US System Has Checks Against Rogue Airliner Pilots

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Flying is safer than ever before, yet in this era of locked cockpit doors and pilot screening, authorities said Thursday that a single aviator was able to deliberately crash a commercial airliner in the French Alps, says the Washington Post. The disaster has raised questions about how pilots are evaluated and how airlines can be sure that such a horrifying, if rare, event won't reoccur.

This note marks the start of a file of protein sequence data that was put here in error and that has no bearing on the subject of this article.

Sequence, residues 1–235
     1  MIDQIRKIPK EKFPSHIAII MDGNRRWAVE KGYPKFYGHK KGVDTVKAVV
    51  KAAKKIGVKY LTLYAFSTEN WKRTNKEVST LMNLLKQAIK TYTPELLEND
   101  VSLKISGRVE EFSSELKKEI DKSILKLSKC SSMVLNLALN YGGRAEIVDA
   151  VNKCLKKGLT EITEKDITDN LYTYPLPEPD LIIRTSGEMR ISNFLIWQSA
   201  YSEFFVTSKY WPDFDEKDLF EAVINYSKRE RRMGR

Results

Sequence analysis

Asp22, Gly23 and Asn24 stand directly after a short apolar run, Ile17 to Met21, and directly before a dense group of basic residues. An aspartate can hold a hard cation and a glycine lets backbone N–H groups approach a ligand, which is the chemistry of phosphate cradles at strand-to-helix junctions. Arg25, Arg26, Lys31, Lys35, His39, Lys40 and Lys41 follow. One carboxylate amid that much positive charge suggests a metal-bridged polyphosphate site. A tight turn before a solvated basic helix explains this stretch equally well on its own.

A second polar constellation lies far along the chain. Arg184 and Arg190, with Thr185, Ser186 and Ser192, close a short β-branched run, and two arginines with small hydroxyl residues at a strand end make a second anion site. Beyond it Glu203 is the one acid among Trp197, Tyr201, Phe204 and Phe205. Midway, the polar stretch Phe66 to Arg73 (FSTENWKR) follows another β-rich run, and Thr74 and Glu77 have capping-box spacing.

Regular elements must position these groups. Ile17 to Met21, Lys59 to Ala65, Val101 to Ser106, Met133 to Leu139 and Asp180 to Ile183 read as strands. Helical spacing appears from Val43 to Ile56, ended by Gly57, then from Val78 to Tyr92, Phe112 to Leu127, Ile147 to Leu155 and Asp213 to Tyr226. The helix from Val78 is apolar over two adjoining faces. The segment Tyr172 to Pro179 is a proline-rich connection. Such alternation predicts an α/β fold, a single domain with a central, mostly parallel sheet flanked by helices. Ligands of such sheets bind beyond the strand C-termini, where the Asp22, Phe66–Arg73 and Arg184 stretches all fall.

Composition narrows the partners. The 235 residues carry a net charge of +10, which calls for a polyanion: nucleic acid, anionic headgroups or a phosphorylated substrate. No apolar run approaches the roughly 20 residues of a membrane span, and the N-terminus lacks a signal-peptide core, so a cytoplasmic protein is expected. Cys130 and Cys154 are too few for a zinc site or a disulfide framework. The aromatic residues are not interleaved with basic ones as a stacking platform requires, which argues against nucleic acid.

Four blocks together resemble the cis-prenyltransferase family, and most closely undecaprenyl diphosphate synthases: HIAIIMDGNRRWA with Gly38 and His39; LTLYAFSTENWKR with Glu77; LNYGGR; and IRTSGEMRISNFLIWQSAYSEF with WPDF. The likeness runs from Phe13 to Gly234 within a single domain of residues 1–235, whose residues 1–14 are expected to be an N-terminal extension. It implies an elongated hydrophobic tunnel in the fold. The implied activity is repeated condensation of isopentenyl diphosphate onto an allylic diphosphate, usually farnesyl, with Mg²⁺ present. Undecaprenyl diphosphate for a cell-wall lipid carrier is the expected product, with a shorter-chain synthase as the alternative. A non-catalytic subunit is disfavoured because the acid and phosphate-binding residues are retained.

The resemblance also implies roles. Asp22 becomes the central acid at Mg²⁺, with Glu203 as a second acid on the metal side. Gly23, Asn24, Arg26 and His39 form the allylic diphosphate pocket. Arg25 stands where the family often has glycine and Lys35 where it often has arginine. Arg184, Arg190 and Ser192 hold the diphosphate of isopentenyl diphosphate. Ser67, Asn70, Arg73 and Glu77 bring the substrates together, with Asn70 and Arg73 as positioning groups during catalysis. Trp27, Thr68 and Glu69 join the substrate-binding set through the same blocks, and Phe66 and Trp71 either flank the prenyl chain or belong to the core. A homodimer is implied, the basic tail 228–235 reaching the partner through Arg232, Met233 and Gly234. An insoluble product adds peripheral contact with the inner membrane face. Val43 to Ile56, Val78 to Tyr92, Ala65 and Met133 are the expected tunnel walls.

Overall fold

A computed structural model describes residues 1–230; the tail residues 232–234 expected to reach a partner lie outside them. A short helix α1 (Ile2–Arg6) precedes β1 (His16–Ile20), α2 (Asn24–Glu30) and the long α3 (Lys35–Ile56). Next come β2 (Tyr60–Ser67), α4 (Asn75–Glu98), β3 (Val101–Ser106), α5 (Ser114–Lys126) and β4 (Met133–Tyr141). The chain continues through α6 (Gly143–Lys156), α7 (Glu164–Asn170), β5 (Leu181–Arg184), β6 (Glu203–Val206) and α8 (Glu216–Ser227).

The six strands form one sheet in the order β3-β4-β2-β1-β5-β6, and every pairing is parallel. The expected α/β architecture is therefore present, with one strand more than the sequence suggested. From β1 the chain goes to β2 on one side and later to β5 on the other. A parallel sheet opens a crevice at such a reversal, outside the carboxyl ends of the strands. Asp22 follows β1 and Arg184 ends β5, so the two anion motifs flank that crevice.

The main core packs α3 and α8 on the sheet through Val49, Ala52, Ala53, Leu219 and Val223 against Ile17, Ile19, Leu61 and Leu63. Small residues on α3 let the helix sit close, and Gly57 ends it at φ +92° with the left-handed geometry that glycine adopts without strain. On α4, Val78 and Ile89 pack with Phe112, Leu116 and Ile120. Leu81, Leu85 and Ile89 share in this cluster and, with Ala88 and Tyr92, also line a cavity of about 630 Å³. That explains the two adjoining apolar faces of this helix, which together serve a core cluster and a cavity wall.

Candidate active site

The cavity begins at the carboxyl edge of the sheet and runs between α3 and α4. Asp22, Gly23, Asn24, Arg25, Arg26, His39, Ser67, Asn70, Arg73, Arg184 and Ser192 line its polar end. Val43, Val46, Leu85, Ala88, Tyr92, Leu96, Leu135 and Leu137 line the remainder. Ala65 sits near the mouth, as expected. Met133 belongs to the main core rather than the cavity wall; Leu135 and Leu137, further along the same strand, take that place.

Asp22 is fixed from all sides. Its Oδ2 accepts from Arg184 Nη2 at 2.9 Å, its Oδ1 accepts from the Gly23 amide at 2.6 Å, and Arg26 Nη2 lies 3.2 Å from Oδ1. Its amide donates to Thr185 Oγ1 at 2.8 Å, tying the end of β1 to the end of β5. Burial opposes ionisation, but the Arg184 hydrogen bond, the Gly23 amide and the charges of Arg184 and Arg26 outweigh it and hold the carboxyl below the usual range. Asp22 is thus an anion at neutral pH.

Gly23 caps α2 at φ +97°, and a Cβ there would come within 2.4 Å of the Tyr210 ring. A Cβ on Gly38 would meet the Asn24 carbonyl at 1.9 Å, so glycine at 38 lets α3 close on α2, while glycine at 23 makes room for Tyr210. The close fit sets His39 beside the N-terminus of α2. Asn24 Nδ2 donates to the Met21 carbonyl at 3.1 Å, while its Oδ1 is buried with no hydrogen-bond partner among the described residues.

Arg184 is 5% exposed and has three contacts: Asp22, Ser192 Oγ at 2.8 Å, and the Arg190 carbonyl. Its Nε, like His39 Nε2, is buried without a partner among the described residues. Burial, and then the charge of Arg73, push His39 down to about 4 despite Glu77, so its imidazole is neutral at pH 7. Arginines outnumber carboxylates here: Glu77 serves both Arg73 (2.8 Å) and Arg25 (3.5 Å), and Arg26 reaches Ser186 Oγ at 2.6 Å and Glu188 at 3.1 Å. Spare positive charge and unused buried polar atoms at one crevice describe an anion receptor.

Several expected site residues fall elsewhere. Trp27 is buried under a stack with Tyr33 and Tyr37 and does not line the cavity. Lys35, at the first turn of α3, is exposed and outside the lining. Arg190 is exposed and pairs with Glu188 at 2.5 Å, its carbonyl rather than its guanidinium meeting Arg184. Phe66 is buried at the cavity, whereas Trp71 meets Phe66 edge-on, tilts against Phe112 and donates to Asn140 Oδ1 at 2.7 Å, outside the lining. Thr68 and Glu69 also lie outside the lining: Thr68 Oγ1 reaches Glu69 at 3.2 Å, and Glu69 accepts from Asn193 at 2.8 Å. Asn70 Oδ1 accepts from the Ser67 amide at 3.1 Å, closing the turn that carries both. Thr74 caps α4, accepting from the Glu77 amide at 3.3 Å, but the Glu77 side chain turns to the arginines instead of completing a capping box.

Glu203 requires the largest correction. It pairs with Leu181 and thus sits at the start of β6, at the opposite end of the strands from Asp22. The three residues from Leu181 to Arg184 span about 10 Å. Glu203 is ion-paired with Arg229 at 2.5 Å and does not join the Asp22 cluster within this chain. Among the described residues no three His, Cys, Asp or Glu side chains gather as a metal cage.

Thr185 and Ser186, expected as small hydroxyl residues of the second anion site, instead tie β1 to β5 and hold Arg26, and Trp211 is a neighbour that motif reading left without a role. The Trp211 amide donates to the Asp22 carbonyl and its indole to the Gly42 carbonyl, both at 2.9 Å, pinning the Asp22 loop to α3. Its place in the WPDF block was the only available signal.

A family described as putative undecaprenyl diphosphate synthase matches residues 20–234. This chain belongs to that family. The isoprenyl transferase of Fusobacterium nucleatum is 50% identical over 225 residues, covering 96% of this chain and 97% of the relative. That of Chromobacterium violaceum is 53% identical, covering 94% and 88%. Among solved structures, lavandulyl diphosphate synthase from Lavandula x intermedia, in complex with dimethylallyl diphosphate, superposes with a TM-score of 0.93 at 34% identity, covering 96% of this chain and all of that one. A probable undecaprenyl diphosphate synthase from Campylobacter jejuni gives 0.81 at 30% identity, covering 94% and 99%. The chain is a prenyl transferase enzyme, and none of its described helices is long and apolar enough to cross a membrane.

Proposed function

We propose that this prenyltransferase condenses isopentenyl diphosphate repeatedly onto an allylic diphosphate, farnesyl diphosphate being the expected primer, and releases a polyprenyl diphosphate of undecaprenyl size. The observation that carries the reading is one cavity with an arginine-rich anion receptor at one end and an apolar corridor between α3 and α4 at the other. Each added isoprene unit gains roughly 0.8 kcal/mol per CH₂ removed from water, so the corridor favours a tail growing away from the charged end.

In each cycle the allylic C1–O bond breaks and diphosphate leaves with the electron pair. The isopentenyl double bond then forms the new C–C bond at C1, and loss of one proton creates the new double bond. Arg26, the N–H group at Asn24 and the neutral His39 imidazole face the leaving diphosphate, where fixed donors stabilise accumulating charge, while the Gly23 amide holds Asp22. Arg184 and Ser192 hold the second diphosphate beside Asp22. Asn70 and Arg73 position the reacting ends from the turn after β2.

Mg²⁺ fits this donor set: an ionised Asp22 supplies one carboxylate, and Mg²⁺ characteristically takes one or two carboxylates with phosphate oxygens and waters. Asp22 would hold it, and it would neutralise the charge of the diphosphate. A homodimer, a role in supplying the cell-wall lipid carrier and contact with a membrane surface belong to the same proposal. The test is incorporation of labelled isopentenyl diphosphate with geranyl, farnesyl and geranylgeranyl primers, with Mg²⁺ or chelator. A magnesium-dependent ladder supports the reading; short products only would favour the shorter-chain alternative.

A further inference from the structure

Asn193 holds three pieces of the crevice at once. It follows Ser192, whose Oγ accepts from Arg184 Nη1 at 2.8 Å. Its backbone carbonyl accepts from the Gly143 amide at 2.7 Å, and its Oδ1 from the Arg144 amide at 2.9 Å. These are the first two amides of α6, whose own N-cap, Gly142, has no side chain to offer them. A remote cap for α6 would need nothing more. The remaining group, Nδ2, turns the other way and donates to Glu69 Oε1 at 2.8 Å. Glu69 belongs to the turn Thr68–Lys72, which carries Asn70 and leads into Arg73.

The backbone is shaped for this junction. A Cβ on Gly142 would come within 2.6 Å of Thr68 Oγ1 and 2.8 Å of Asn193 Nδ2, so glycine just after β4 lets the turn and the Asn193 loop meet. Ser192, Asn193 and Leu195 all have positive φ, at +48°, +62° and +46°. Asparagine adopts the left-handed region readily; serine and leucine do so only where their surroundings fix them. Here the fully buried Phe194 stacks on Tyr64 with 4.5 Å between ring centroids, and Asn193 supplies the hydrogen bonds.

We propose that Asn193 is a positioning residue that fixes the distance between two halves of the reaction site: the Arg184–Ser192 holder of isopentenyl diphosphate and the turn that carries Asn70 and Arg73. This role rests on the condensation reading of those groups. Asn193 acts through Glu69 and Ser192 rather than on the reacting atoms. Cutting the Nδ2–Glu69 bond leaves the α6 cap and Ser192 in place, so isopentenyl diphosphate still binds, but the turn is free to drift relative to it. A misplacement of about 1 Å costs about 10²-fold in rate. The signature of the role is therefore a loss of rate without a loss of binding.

Aviation security experts say what unfolded on Germanwings Flight 9525 could not have happened on a U.S. airliner because of strict security procedures adopted after the Sept. 11, 2001, terrorist attacks. Cockpit doors were strengthened, and airlines now lock them at all times, with most doors requiring security codes known only to a handful of people onboard. Moreover, U.S. pilots cannot be left alone in the cockpit — the fatal error that investigators say doomed the Germanwings flight. “It's just a common-sense issue,” said aviation security expert Glenn Winn. “If you have a two-person cockpit, you don't leave [one of] them alone up there.”

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